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Defense resumes argument that Derek Chauvin didn't kill George Floyd

Paul Walsh, Star Tribune on

Published in News & Features

MINNEAPOLIS — The Derek Chauvin murder trial resumes Wednesday with a second day of testimony in the defense's case, which is trying to raise enough doubt for jurors to acquit the fired Minneapolis police officer in the death of George Floyd.

Before testimony started Wednesday, Hennepin County District Judge Peter Cahill ruled that a friend who was with Floyd at the time of his arrest can refuse to testify. Morries L. Hall, 42, invoked his constitutional right against self-incrimination and told the judge that he fears being charged with serious crimes should he answer questions from the defense or prosecution.

"I fearful of criminal charges going forward," Hall said while standing at the podium usually reserved for attorneys. "I [also] have open charges that's not settled yet." His attorney told the court last week that Hall would open himself up to third-degree murder charges in connection with Floyd's death if he were to testify.

Cahill said, "I'm finding that he has a complete Fifth Amendment privilege here" and then quashed the subpoena, a ruling that was a defeat for the defense's contention that fentanyl and methamphetamine played a role in Floyd's death.

Hall is suspected of being a provider of illicit drugs to Floyd over an extended period of time. Floyd's girlfriend testified earlier that Hall supplied Floyd with drugs sometime in the month of Floyd's death.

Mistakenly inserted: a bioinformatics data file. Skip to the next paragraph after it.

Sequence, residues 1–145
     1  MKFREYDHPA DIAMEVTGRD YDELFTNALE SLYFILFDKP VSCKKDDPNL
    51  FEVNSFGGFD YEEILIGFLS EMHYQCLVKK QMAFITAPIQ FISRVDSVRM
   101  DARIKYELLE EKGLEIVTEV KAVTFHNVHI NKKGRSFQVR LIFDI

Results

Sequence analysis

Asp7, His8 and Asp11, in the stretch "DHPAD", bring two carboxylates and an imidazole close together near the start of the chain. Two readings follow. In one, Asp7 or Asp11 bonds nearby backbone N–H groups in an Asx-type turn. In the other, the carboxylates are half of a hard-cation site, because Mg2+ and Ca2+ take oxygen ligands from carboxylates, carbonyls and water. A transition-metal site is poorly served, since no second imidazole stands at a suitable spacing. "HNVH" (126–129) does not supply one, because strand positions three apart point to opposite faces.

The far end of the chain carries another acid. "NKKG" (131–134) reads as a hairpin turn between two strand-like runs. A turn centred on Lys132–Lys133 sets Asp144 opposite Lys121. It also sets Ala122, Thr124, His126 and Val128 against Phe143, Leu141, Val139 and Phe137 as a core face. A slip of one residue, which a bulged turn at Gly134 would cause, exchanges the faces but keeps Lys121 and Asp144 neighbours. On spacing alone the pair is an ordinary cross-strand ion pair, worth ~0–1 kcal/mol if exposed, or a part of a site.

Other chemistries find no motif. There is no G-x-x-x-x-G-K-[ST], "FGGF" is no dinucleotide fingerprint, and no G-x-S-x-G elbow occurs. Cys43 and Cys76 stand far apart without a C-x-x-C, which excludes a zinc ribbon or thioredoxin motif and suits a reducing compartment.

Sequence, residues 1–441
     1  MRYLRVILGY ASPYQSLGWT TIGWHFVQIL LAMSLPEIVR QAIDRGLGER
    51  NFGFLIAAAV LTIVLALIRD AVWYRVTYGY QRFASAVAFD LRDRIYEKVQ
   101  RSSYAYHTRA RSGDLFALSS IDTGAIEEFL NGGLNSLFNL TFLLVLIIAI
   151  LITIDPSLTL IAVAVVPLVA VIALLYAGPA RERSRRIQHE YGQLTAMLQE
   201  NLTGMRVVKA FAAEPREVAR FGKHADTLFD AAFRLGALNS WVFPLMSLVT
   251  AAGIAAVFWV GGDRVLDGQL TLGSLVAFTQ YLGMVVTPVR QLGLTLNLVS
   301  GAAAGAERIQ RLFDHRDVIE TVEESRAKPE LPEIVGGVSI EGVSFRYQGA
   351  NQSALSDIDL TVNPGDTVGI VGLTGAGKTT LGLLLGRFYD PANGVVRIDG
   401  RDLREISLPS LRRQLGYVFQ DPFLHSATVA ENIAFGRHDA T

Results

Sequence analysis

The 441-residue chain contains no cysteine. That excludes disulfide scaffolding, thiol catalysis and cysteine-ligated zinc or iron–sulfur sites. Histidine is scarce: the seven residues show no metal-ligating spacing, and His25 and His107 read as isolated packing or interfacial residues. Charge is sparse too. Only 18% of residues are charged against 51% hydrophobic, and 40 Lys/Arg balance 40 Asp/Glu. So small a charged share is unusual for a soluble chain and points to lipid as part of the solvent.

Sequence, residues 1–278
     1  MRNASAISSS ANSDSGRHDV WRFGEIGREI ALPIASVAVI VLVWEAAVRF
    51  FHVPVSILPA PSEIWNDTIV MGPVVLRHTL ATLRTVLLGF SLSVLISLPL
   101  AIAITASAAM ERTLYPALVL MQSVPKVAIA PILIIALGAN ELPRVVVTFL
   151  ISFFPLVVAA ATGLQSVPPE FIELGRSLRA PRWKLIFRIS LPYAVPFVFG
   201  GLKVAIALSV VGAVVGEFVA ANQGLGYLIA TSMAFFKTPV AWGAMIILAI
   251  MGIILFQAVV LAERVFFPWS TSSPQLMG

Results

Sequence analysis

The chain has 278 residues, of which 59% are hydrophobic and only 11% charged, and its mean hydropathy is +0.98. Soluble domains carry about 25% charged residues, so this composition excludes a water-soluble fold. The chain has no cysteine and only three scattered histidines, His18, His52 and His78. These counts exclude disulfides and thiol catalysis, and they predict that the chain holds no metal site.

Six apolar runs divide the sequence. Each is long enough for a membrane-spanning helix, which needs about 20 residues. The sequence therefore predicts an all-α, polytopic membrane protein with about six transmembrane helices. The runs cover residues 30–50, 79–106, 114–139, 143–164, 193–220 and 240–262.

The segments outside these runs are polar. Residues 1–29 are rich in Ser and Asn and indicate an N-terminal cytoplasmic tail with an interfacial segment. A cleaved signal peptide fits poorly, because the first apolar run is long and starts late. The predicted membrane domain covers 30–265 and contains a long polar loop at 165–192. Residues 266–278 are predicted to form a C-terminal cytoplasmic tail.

On Tuesday, the first day defense attorney Eric Nelson presented his case in Hennepin County District Court, a longtime police instructor testified that Chauvin was justified in kneeling on Floyd's neck for more than nine minutes because he resisted arrest and struggled with officers at 38th and Chicago.


Barry Brodd, a use-of-force expert hired by Chauvin's defense, told the court that placing a suspect stomach-down on the pavement is a "control technique" and not use of force because it does not cause pain. He called the position "prone control" while prosecutors have repeatedly called it "prone restraint."

"I felt that Derek Chauvin was justified and acting with objective reasonableness following Minneapolis Police Department policy and current standards of law enforcement in his interactions with Mr. Floyd," Brodd said.

The former Santa Rosa, California, police officer, who is now a consultant on use of force and other law enforcement tactics, was among five witnesses who testified as the first day of Chauvin's defense began calling witnesses in the trial now entering its sixth week dating back to jury selection.

Brodd buttressed several defense strategies by testifying that officers must take the totality of the circumstances into consideration when using force, that a crowd of bystanders posed a potential threat to officers, and that compliant suspects can suddenly become noncompliant and dangerous.


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